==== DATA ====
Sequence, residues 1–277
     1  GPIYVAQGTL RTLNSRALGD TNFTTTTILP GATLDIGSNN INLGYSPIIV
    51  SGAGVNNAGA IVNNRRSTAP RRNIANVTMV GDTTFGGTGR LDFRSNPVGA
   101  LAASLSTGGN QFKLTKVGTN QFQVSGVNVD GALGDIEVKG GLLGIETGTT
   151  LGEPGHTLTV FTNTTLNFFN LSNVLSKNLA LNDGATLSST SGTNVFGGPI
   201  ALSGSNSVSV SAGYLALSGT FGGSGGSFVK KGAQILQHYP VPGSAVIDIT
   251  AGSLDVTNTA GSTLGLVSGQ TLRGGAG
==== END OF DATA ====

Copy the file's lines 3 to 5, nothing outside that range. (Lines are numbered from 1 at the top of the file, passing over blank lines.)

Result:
    51  SGAGVNNAGA IVNNRRSTAP RRNIANVTMV GDTTFGGTGR LDFRSNPVGA
   101  LAASLSTGGN QFKLTKVGTN QFQVSGVNVD GALGDIEVKG GLLGIETGTT
   151  LGEPGHTLTV FTNTTLNFFN LSNVLSKNLA LNDGATLSST SGTNVFGGPI